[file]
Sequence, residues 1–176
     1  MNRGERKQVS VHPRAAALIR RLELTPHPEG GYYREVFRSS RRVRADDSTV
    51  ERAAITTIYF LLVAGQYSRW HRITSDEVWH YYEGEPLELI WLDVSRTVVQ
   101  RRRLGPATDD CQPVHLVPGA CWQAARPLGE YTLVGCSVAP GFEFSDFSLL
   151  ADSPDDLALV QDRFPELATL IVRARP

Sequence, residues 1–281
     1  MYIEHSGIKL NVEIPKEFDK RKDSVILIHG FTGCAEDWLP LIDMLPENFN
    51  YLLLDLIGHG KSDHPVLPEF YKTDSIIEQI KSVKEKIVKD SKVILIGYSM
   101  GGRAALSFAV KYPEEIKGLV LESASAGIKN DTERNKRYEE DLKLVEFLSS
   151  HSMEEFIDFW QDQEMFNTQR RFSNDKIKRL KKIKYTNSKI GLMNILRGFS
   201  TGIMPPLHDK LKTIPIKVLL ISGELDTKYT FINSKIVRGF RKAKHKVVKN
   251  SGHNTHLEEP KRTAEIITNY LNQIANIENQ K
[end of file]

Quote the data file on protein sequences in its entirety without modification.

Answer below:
Sequence, residues 1–176
     1  MNRGERKQVS VHPRAAALIR RLELTPHPEG GYYREVFRSS RRVRADDSTV
    51  ERAAITTIYF LLVAGQYSRW HRITSDEVWH YYEGEPLELI WLDVSRTVVQ
   101  RRRLGPATDD CQPVHLVPGA CWQAARPLGE YTLVGCSVAP GFEFSDFSLL
   151  ADSPDDLALV QDRFPELATL IVRARP

Sequence, residues 1–281
     1  MYIEHSGIKL NVEIPKEFDK RKDSVILIHG FTGCAEDWLP LIDMLPENFN
    51  YLLLDLIGHG KSDHPVLPEF YKTDSIIEQI KSVKEKIVKD SKVILIGYSM
   101  GGRAALSFAV KYPEEIKGLV LESASAGIKN DTERNKRYEE DLKLVEFLSS
   151  HSMEEFIDFW QDQEMFNTQR RFSNDKIKRL KKIKYTNSKI GLMNILRGFS
   201  TGIMPPLHDK LKTIPIKVLL ISGELDTKYT FINSKIVRGF RKAKHKVVKN
   251  SGHNTHLEEP KRTAEIITNY LNQIANIENQ K